Monday, 8 February 2010

Methodology



Being a Mad Person, yesterday I undertook to help Warren load an entire chopped-up Pearl Acacia and an entire chopped-up Bougainvillea onto the bakkie and take it to the composting centre near Roodepoort. 'Flu bug and all.*

In recognition of the fact that I was not 100 percent well - still shaky, nauseous and sore - I took frequent sitting-down breaks in the lapa.It was on one such interlude that I noticed a plant growing down near my feet.

I've had a small amount of experience with plant communication by now, since the Coltsfoot opened the dialogue a couple of years ago, so I went ahead and asked the plant what it was we call it.

Plantain came the clear reply.

Now, the leaves of this plant are deeply veined but have a somehow comforting look about them, as if you would not hesitate to apply them to wounds, stings and grazes. And it is indeed possible that I have read about Plantain, stored that information in the brain, and accessed it when my gaze fell upon a specimen.

This is the standard scientific answer to why I identified a plant which I had had no ready knowledge of, up to that point.(For yes, on consulting the books, this was indeed plantain I was looking at).
Except, of course, that we don't really know how memory gets stored, or where it gets stored, or exactly how an arcane piece of it becomes retrieved and reactivated, accessible to the top of the mind following a sensory cue.There are theories,and models, and we have seen memory recall in action in live brains, but we don't know precisely how this works, because we lack a fundamental, all-encompassing explanation of how the brain does stuff like this. So we make shit up, basically, and call it neuro science.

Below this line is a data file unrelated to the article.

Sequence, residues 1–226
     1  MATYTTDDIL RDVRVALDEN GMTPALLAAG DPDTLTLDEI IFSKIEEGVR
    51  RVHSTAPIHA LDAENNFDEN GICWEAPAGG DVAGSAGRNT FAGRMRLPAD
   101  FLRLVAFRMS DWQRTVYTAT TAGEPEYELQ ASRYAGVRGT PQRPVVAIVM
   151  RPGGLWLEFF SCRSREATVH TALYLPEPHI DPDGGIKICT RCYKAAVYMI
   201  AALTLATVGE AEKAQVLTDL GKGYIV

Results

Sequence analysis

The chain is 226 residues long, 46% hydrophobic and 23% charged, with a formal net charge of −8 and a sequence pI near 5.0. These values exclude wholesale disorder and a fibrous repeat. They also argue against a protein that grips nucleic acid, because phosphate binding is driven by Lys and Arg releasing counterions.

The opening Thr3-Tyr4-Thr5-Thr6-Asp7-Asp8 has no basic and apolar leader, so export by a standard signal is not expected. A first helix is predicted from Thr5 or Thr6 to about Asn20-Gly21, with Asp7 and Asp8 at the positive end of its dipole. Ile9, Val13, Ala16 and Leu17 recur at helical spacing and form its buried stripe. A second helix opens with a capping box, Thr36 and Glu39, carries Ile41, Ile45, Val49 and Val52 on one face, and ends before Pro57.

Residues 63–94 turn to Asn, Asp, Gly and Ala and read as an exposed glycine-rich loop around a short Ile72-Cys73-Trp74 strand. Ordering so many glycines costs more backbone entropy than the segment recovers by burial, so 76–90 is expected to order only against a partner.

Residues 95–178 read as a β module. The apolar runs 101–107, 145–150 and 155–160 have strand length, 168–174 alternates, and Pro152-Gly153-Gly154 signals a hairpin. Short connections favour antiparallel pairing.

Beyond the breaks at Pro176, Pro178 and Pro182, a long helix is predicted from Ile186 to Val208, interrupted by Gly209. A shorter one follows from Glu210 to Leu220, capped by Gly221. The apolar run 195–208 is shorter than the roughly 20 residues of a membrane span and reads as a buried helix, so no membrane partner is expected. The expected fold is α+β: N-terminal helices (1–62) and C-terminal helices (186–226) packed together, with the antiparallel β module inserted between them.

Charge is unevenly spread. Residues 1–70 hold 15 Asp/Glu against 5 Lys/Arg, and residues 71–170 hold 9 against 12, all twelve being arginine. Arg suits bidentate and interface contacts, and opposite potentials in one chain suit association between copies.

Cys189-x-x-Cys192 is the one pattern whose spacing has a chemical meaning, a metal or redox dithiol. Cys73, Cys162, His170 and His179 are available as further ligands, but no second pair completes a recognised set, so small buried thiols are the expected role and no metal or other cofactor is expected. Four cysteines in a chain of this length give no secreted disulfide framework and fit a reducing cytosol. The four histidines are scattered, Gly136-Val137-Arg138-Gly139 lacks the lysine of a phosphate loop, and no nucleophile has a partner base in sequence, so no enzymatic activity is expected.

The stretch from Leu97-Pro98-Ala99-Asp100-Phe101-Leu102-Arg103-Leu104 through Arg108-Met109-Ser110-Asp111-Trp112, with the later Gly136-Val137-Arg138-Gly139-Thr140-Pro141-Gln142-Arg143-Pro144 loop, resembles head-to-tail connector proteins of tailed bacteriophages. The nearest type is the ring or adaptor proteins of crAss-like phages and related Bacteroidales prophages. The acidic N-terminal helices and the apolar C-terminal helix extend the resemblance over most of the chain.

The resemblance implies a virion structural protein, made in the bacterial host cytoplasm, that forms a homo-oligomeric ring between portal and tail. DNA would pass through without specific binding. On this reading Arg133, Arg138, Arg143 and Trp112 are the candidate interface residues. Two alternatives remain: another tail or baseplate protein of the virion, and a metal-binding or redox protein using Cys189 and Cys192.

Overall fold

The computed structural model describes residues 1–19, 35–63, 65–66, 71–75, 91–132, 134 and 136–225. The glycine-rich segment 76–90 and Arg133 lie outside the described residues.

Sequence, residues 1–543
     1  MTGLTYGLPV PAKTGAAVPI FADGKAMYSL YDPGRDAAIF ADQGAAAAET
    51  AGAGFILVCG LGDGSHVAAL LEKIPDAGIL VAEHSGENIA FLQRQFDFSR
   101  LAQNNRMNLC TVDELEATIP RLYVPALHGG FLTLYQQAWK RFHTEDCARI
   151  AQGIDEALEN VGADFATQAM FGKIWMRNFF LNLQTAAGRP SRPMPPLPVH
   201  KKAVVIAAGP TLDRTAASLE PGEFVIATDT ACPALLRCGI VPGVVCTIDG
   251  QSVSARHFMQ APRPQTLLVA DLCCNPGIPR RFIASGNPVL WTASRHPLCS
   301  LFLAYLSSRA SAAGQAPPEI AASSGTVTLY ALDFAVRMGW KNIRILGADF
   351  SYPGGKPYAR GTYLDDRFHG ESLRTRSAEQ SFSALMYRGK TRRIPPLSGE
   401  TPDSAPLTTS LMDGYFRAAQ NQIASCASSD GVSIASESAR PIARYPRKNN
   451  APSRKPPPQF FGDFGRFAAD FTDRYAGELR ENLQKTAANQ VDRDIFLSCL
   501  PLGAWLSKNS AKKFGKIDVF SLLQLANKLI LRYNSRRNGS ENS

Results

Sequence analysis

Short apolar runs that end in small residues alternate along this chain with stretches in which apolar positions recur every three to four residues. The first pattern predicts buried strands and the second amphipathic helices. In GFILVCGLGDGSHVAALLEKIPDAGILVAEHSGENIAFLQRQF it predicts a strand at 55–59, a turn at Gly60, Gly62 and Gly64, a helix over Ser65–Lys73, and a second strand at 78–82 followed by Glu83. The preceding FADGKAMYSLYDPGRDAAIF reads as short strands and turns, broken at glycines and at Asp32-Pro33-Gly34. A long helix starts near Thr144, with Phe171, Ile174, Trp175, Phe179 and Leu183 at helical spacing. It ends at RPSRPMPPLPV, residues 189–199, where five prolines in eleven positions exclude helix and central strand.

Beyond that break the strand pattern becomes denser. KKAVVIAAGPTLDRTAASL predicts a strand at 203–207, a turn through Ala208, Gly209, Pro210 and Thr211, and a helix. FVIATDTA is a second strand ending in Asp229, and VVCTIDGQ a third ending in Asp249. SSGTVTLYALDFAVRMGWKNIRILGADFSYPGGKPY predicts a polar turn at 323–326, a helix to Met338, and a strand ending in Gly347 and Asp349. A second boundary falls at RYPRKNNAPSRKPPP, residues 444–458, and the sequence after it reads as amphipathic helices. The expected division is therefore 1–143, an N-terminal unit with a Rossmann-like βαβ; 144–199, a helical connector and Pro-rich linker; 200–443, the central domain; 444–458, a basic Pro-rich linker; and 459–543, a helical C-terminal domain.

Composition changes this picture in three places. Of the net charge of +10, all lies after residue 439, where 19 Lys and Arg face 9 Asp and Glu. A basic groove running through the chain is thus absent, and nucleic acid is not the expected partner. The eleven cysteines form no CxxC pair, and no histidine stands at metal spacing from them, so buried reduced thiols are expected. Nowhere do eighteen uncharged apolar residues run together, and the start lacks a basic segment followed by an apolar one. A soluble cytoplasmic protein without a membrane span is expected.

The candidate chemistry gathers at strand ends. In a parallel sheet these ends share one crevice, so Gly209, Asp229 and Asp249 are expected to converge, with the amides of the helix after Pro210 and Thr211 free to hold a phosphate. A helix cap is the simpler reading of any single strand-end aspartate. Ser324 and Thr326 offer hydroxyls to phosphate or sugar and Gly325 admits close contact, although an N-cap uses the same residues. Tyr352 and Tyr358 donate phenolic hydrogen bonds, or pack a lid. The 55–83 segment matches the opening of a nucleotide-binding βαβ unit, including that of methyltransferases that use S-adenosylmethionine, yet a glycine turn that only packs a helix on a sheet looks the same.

The paradigm I tend increasingly to go with is laughably woo to neuroscientists, but it goes like this:

The plant lives, and by dint of this, has a consciousness about it. It may not look like human consciousness, but why should it? I, as another consciousness-bearing life form, may receive communication from it, which may be triggered by sight, smell, sound or touch, or indeed by another method entirely for which we don't have a word as yet. In other words, the plant identifies itself to me upon questioning- much as another human might offer hir name to me in response to a raised eyebrow, or other interrogative modality.

Since I began weaning myself off of the sometimes glib and usually unsatisfying answers that science purports to give us some time ago, of course I'm going to prefer my own interpretation of what happened in those seconds under the lapa.

The plant spoke to me, and told me its name.

I don't have any more of a road map to explain the method of this communication than science has to explain the method of data retrieval - but I'm infinitely more at ease with it.

*=Have you noticed how decomposing vegatation has a scent which is very nearly pleasant, under some circumstances? A kind of fizzy green aroma which I, at least, find acceptable (but then, I'm a Mad Person, as I believe I've just mentioned). There was another, underlying smell at the composting plant however-instantly identifiable as rotting animal matter, which I guess I'm not alone in finding far more distressing. Warren and I marinated in these assorted odours for some time, unloading the garden refuse, and then proceded to walk into the auto-spares shop, which was full of customers, and stand in line to buy brake discs.Smiley face icon goes here.